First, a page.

Smoke your steak at 225°F for around 45 minutes to 1 hour or until it reaches your desired degree of doneness. Remove the steak from the heat at 5°F before the target internal temperature. A meat thermometer is the best way to check the internal temperature and ensure a perfectly smoked steak.
How to Smoke a Steak
Smoking the perfect steak doesn’t have to be intimidating. All you need is a cast iron skillet, a smoker, and time.
Here’s a step-by-step guide on how to smoke a steak to perfection:
Preheat the smoker to 225°F. Choose the right wood chips for smoking steak. Each option brings out a different flavor. For strong smoke, choose mesquite. For milder smoke, pick fruitwoods such as applewood, cherrywood, or pecan.
Season your steak. Pat the steak dry with a paper towel and then season the steak with kosher salt and black pepper for the best flavor.
Get smoking. Put the steak on the grill grates, close the lid, and smoke the steak until the target internal temperature is reached.
Preheat your cast iron skillet. Take the meat off the hot grill and fire up a cast iron skillet over moderately high heat. Once you preheat the cast iron skillet, coat the skillet with oil that can handle higher temperatures (such as avocado).
Sear the meat. Next, it is time to do a reverse sear for the perfect caramelized crust. Place the meat in the preheated cast iron skillet and sear each side. Searing will bring the internal temperature up to within 5°F of the temperature of your desired doneness.
Rest the meat and serve: Remove the meat from the skillet and let it rest for about 10 minutes. Keep in mind that the temperature will rise by as much as 5 degrees Fahrenheit while resting. Serve with an extra dash of salt (if desired) and your favorite side dishes!
- Looking at the color of the meat is not the best way of determining doneness. Make sure you have a reliable meat thermometer to check the internal temperature.
- The smoking time will vary depending on the smoker you use.
What is the Best Temperature for Smoking a Steak?
The best temperature for smoking steak is between 225°F to 250°F. This will allow the meat to cook over a long period to tenderize the meat and absorb that wonderful smoke flavor.
What Type of Steak is Best for Smoking?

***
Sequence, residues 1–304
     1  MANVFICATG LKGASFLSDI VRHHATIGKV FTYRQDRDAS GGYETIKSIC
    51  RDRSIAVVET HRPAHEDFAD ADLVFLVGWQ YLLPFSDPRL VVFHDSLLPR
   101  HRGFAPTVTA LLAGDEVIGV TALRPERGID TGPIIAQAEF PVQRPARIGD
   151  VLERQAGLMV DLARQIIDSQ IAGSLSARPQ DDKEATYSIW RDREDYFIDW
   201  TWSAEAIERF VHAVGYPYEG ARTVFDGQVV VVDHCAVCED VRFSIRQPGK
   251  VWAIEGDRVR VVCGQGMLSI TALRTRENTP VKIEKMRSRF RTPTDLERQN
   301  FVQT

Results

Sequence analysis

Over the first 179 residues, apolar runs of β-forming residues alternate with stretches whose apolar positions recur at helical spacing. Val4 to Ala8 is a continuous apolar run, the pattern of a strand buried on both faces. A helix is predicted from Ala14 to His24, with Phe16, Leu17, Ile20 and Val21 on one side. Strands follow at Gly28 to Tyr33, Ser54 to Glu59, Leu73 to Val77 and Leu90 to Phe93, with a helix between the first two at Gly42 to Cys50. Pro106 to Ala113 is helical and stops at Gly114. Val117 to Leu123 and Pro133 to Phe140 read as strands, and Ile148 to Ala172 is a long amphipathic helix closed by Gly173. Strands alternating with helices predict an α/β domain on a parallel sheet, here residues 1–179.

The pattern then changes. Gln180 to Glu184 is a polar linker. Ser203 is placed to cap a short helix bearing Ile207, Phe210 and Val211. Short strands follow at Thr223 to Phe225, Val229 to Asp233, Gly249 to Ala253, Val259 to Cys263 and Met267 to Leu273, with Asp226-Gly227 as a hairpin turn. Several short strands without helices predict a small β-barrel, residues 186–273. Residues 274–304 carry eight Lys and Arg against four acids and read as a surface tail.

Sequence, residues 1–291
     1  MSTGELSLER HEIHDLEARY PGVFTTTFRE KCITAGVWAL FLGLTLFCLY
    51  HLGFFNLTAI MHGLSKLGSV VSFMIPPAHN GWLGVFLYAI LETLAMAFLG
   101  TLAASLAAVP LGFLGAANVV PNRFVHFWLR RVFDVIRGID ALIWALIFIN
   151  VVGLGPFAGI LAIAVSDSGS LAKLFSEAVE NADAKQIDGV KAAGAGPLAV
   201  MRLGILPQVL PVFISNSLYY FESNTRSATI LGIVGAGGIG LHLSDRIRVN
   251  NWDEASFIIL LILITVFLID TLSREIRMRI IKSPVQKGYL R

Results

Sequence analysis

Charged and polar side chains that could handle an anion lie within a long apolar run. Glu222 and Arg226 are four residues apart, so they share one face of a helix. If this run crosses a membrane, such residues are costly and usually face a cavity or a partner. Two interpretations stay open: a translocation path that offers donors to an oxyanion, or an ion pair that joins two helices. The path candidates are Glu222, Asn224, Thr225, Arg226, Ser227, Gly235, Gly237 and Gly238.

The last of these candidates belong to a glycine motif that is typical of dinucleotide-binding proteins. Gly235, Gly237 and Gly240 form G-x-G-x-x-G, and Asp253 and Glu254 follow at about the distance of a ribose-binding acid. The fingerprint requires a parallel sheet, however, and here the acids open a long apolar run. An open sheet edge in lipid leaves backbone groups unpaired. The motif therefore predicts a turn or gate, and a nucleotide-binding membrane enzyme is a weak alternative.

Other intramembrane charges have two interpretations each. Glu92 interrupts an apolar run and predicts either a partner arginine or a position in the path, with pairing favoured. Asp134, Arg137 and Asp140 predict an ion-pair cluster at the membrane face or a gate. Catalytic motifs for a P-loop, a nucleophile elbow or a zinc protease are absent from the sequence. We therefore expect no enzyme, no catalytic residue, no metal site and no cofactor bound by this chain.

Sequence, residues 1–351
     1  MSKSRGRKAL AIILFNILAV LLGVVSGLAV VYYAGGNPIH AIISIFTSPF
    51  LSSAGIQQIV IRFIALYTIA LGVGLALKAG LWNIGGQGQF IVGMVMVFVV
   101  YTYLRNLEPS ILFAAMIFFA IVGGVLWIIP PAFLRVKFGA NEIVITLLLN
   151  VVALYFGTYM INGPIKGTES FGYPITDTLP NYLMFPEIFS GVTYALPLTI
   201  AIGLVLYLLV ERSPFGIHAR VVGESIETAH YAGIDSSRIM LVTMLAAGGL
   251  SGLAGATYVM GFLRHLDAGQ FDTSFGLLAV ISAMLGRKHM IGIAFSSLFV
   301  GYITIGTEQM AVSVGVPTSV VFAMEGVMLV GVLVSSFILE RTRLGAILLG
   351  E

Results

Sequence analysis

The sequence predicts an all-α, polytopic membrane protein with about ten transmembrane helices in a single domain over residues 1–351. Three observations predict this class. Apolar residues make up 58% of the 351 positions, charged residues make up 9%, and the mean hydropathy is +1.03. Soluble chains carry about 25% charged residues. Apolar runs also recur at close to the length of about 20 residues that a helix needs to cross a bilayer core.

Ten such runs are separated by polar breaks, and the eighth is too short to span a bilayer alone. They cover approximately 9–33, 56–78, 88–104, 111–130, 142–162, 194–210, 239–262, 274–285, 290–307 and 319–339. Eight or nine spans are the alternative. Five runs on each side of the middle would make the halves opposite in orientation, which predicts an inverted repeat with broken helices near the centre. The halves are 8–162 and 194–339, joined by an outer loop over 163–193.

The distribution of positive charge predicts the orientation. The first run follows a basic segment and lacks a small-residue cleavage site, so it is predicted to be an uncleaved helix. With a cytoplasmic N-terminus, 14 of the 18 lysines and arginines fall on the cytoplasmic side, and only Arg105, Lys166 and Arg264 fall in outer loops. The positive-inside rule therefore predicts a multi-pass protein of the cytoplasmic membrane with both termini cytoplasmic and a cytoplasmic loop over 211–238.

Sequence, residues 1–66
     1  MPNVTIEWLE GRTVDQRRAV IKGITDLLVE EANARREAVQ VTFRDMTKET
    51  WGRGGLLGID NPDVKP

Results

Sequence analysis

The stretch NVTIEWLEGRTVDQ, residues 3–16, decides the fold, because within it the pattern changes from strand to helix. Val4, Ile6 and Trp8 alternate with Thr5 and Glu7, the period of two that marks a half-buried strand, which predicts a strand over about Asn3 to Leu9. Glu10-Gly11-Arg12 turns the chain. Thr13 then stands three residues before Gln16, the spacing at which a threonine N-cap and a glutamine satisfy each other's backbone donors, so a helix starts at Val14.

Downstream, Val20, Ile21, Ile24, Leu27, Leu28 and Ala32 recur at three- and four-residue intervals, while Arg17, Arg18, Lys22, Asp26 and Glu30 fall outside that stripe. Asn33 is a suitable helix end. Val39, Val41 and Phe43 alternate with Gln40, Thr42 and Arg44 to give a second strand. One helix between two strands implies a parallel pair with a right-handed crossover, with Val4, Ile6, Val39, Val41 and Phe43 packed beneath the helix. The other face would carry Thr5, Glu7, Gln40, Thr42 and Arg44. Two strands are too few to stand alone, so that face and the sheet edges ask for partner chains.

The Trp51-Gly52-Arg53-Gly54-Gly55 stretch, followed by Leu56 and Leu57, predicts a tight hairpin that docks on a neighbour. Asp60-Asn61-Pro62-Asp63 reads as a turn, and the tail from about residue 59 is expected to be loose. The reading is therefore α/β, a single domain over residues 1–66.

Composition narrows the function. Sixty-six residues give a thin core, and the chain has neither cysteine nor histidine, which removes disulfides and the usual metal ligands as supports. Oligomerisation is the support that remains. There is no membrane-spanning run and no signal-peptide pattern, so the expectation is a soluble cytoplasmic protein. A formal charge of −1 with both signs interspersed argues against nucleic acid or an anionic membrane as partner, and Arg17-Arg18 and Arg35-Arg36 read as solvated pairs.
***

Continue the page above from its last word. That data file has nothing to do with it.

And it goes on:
Steak and smoke were made for each other. The best steaks for smoking on a pellet smoker are those that are thicker (at least an inch and a half).
Some cuts will take longer to smoke than others because of the thickness of the cut, fat content, and whether they are bone-in or boneless.
Some great steaks for smoking include:
- Beef Tenderloin
- Filet Mignon (cut from the tenderloin)
- Top Sirloin
- New York Strip
How Long Do You Smoke a Steak at 225?
It takes between 45 minutes and one hour to smoke a steak to a medium-rare level of doneness.
How Long Do You Smoke a Steak at 250?
Smoking a steak at 250 degrees F should take about one hour to reach a medium-rare degree of doneness.
Keep in mind the cooking times will vary based on the cut of meat more than the smoker’s temperature. Thick cuts will take longer.
Safe Smoked Steak Temperature
Steak should be smoked to a minimum internal temperature of 145°F for safety, per the USDA.
Where and How to Check Steak Temperature
Knowing when it’s time to remove the steak from the grill is important if you want to serve a delicious and satisfying meal.
To take the internal temperature of a steak, insert an instant-read thermometer or meat thermometer into the thickest part of the meat, without coming into contact with any bones. To get the most accurate temperature reading, make sure to get close to the middle so you can avoid bones and fat.
To know exactly when a steak is smoked to your liking, check the internal temperature of the meat.
|Desired Doneness||Internal Temperature|
|Rare||120°F – 130°F|
|Medium||135°F – 145°F|
|Medium-well||145°F – 155°F|
|Well-done||155°F – 165°F|
Letting steak rest for about 10 minutes before serving will result in juicier meat, but carryover cooking will increase the internal temperature of the steak by an extra 5 degrees Fahrenheit.